The database is filled with similar stories. The responses are generally the same: a legal disclosure is provided with all the impacts of extending. Many of these extensions are being followed by collection and repossession action where the borrower feels entirely caught off guard or unaware of how they went from relief to repossession in the midst of a global crisis.

In August 2020, a CFPB customer complaint was resolved with monetary relief to the consumer, citing operational breakdowns and plea for assistance to the CFPB:

“We received approval for our COVID-19 hardship assistance via email…’Thank you for submitting a COVID19 Hardship Assistance request…. A representative will contact you regarding available options for assistance, including loan extensions and waivers of delinquency options to help bring your account current.’ ... I walked outside and noticed our car was gone… Over 3 hours on the phone [and they] would not answer me whether they repossessed our car.... I just really wanted to know if our car was stolen, since we had already been approved for the COVID-19 hardship!...I found the email stating we were approved [and] forwarded her the email stating our COVID-19 HARDSHIP APPROVAL… No return call... Please help.”

I have spent the majority of my career responding to customer complaints. For every misstep, there are plenty of actions with negative consequences to consumers that were within the boundaries of applicable law and closed without further remediation. My goal is to highlight the level of confusion and volatility with consumers that, right, wrong or indifferent, lenders will have to contend with and defend. The intent is to lift our heads and evaluate the success and risks of relief programs applied and proactively prepare for what may be next.

There are real and very costly risks to lenders at a time when

enforcement is on the rise.

Lenders were forced to move fast in the spring in response to a spike in unemployment and requests for payment relief. Details of many programs were unknown, fluid, confusing, and simply lost amidst unprecedented volumes and restricted staffing levels. There are risks emerging from consumer complaints at a time when enforcement is on the rise:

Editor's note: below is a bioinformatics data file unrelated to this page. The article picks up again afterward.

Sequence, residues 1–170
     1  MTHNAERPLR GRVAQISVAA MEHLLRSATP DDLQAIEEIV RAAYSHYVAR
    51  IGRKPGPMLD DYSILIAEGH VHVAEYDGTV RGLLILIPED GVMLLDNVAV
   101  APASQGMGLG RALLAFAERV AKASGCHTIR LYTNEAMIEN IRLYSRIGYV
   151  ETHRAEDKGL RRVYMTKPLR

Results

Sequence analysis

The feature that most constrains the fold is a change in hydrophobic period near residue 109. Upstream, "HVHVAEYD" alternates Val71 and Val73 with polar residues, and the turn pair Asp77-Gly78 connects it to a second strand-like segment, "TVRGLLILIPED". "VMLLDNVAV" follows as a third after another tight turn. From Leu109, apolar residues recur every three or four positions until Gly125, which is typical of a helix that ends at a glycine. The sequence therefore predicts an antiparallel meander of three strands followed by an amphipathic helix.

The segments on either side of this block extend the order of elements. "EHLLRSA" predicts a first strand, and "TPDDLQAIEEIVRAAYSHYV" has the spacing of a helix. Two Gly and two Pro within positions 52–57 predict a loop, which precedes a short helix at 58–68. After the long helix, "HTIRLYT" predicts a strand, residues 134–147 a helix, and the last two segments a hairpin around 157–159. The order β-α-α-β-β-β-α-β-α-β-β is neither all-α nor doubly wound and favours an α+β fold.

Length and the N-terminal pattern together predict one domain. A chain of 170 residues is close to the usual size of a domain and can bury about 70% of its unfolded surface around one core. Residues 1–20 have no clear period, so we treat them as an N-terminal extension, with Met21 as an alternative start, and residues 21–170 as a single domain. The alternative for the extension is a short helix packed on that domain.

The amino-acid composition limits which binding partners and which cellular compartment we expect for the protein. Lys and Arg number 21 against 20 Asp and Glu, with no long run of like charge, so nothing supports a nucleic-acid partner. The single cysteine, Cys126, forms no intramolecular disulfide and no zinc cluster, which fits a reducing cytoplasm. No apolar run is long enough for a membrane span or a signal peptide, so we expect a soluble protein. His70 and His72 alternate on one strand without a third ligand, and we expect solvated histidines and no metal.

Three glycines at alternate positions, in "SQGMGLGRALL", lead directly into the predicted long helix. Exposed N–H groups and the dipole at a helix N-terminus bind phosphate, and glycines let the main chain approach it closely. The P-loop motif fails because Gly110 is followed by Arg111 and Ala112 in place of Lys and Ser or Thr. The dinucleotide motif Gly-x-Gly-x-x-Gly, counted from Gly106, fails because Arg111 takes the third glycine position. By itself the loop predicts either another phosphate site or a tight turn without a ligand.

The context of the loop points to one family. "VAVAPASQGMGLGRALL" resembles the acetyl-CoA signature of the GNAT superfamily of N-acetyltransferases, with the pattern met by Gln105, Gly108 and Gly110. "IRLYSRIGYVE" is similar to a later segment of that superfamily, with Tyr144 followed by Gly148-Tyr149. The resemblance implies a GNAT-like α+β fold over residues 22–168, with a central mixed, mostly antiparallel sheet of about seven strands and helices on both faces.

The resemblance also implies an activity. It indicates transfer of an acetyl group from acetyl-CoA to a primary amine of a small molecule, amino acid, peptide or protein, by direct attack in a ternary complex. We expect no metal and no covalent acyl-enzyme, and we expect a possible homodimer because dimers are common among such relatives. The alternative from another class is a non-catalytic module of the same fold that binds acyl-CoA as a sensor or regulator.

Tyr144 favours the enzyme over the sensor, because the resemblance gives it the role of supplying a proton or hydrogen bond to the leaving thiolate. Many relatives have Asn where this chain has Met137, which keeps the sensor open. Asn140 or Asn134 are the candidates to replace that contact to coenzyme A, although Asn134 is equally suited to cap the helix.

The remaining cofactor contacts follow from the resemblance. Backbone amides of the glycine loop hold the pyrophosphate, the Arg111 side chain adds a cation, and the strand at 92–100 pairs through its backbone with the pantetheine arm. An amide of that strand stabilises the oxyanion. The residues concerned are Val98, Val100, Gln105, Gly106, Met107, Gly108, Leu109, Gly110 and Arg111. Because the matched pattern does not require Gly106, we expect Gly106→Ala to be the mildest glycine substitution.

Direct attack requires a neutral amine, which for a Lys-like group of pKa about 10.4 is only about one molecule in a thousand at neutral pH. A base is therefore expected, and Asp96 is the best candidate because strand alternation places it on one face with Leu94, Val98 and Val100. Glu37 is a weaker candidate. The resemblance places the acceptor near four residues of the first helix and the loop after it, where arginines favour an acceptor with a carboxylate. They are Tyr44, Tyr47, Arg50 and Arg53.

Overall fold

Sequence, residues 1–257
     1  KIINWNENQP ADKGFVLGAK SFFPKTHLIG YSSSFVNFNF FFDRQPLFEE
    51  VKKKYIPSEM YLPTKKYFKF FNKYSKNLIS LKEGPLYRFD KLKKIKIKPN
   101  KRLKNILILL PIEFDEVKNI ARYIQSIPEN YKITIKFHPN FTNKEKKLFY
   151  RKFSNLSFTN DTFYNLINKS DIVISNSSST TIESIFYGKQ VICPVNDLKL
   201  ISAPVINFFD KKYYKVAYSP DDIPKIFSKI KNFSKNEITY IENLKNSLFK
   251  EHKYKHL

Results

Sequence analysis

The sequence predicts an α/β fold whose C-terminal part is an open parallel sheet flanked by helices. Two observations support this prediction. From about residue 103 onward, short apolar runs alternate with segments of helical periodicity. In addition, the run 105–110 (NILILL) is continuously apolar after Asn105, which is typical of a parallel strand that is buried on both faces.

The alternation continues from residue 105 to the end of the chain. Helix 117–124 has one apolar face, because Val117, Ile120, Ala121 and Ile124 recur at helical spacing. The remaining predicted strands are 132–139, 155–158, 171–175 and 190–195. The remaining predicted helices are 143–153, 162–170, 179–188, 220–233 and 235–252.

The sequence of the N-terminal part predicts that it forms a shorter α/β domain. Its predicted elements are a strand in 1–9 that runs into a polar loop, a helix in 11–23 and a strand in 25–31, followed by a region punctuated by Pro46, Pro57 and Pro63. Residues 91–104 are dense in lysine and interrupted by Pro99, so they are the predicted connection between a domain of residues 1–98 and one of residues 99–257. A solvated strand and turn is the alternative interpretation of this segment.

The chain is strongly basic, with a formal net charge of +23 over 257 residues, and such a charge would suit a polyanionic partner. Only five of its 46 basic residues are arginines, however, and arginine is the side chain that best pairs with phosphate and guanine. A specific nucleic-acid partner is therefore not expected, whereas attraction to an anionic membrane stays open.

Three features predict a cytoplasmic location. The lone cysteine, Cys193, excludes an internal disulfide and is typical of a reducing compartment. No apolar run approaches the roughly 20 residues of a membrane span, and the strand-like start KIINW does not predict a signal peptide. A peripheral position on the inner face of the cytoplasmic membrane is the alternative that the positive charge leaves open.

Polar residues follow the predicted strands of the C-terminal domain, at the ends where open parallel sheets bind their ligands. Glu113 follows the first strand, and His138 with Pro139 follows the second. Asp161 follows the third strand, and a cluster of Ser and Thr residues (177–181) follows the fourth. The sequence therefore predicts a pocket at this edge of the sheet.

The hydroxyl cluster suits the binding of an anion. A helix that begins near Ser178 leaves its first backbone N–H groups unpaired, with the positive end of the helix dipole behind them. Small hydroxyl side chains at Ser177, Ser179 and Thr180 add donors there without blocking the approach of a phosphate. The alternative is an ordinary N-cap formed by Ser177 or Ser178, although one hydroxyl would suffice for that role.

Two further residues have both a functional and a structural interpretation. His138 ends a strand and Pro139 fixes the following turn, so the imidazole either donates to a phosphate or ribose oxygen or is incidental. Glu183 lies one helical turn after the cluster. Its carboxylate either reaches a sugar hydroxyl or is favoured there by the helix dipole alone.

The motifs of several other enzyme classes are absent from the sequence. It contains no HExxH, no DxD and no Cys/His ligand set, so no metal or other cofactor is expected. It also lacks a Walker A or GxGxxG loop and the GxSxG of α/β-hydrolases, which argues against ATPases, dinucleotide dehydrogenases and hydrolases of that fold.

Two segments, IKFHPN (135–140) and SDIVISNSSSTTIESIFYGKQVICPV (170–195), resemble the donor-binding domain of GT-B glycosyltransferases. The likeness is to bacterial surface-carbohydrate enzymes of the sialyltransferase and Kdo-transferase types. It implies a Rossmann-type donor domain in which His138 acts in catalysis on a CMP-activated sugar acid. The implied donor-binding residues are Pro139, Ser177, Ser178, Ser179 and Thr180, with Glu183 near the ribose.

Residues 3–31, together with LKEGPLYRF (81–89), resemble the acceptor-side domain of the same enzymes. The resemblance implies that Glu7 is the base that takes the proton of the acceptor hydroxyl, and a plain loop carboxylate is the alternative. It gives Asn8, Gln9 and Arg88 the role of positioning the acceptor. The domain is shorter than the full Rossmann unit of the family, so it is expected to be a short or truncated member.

• Manual tracking

  • Lost files

  • Verbally offered and subsequently rescinded relief options

  • Confusion on suppressed bureau reporting

  • Application of relief for already past due loans

  • Failed processing in systems of records

  • Extended wait times for answers

Confusion on behalf of borrowers and the staff that tried to help highlights the need for greater precision in the forward-looking strategy.

Repossession activity is once again in flight. As relief options expire and banks are called to categorize additional relief as Troubled Debt, consumer complaint activity will increase as they seek protection from all available resources. Regulatory agencies and oversight entities will monitor complaints, expand examinations and track default progression of these initial relief options that ultimately end in loss of ownership.

Lenders that benefit from per diem during extension periods and later repossession costs will be of great interest to enforcement agencies.

If we do not proactively monitor areas of exposure for consumer harm, and actively mitigate its occurrence, consumer protection agencies will do it for us, with potentially expensive outcomes.

The start of a recovery period is unknown. The actions taken thus far have bought more time. We must now look forward and challenge our own strategies and preparedness for the outcomes that remain unknown, not just the ones we prefer.

As with any car, a shiny exterior will do very little to cover trouble under the hood.

Carissa Robb is the President of Constant. As former SVP and Head of US Loan Servicing for TD Bank, she managed multiple internal and external compliance assessments and regulatory examinations including the identification and remediation of internal exceptions, audit findings, class actions, and consent order activity and has extensive experience with State and Federal regulatory agencies.